1. Delhi University’s Hindu College girls’ hostel not to open this year

Delhi University’s Hindu College girls’ hostel not to open this year

The girls' hostel at Delhi University's Hindu College which was supposed to be functional from the upcoming academic session will not make any enrolments this year, following a row over the rules and fee decided for the residential complex.

By: | New Delhi | Published: May 2, 2016 6:20 PM
Hindu College has been providing on-campus hostel facilities to male students for decades. (Source: IE) Hindu College has been providing on-campus hostel facilities to male students for decades. (Source: IE)

The girls’ hostel at Delhi University’s Hindu College which was supposed to be functional from the upcoming academic session will not make any enrolments this year, following a row over the rules and fee decided for the residential complex.

“It has been decided that there will be no admissions to the girls’ hostel. Students who have taken the prospectus may return the same and get their fee refunded,” college principal Anju Srivastava has said in an official circular.

Srivastava, however, refused to comment when asked that whether this decision has been taken following the controversy over the decided fee and rules for the hostel.

Hindu College has been providing on-campus hostel facilities to male students for decades. However, the girls’ hostel which has been constructed, was supposed to be functional from the 2016-17 session.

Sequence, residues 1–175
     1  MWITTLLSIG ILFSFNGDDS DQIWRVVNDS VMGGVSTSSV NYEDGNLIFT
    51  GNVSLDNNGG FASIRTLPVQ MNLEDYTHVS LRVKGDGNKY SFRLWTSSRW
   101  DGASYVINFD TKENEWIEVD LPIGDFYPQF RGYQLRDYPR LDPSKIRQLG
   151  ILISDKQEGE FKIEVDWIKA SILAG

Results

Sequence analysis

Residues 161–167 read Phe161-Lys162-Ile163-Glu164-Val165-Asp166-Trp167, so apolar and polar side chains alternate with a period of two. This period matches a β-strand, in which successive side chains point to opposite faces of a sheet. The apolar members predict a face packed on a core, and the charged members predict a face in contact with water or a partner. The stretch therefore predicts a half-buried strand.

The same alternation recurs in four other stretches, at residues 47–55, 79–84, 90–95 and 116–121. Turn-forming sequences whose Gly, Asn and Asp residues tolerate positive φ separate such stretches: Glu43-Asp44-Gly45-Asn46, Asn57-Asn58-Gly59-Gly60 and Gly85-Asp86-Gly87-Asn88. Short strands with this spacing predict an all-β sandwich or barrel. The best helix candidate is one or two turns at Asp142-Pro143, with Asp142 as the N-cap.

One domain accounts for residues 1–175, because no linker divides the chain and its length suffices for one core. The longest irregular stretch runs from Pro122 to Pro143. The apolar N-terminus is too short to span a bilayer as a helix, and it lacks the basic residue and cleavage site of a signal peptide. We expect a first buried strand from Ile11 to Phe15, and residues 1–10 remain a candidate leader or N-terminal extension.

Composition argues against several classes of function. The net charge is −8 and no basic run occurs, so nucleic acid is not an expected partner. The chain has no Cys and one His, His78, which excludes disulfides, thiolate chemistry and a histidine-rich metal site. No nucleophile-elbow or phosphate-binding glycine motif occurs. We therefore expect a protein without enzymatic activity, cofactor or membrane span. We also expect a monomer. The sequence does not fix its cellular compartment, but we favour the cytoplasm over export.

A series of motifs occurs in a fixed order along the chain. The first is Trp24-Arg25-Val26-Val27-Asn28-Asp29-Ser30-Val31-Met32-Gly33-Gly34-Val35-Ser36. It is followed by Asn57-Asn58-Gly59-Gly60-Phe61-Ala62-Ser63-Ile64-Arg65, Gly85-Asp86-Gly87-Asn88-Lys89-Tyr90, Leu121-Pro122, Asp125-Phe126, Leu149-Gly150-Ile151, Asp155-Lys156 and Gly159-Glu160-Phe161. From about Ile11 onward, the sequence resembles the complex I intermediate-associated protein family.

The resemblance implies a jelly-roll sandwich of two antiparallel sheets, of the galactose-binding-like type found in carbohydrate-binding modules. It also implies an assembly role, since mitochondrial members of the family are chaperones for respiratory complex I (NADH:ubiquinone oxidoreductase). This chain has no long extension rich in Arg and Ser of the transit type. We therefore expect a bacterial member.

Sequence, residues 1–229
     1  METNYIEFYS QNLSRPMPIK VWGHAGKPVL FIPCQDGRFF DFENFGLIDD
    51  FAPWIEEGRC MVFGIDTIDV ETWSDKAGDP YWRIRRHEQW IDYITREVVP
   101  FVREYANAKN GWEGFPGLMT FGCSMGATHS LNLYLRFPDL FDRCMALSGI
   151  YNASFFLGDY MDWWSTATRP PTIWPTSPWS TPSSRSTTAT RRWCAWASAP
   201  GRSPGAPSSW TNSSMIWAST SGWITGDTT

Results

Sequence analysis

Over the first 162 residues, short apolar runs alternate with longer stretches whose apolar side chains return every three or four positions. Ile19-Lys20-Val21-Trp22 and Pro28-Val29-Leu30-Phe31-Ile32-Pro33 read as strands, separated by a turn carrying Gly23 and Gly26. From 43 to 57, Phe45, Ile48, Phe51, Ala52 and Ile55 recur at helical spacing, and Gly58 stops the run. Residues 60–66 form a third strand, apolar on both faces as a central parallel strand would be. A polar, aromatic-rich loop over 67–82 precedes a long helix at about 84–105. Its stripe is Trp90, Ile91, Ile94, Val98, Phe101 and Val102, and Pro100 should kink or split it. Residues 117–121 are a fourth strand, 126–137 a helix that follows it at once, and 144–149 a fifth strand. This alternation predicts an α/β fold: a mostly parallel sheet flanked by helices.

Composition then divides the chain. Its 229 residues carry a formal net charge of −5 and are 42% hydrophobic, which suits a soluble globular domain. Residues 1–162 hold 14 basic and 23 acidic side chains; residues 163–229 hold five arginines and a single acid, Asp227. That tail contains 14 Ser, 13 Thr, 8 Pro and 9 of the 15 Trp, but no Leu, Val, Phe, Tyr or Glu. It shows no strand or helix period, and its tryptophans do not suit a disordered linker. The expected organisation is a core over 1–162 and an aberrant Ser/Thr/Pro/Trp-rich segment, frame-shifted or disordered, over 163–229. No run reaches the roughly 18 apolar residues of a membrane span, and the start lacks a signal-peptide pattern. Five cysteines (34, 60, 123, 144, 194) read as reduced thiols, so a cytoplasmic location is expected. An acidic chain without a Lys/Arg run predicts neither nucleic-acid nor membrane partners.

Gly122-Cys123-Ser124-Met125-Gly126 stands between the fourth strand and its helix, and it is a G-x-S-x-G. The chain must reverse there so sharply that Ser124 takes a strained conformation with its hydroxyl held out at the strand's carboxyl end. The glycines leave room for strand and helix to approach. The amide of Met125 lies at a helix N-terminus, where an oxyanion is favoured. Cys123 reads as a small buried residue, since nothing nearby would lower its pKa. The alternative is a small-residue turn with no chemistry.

The prospectus for admissions to the hostel triggered an outrage among the girl students who alleged that the rules laid down were “discriminatory” and amounted to “moral policing”.

The prescribed fee also irked the girl students as the male students of Hindu College pay Rs 47,000 as hostel charges while the girls were asked to pay more than Rs 82,000.

Taking suo motu cognisance, the National Commission for Women (NCW) had an issued notice to the college last week seeking an explanation about the hostel rules for girls which have been termed as moral policing by students.

The rules listed in the hostel prospectus have asked students to dress as per “normal norms of the society”, made it clear that no visitors will be allowed without prior permission “including girl students”, the residents will be allowed only one night-out in a month and have a provision for random checks by the warden at any time.

Some of the other rules included mandatory presence of all residents in the hostel by 8.30 PM and a bar on roaming inside the hostel after 11 PM. The prospectus has also said a dress code may be notified for residents, if deemed necessary.

Students have been protesting against the alleged discrimination between girls and boys while deciding the rules and the fee for the hostel.

While the principal had earlier maintained that the new rules have been framed to ensure the safety of the residents and maintain decorum, she had justified the fee hike, saying it is a self-financed hostel and the amount is appropriate for maintenance of infrastructure and facilities being provided to the boarders.

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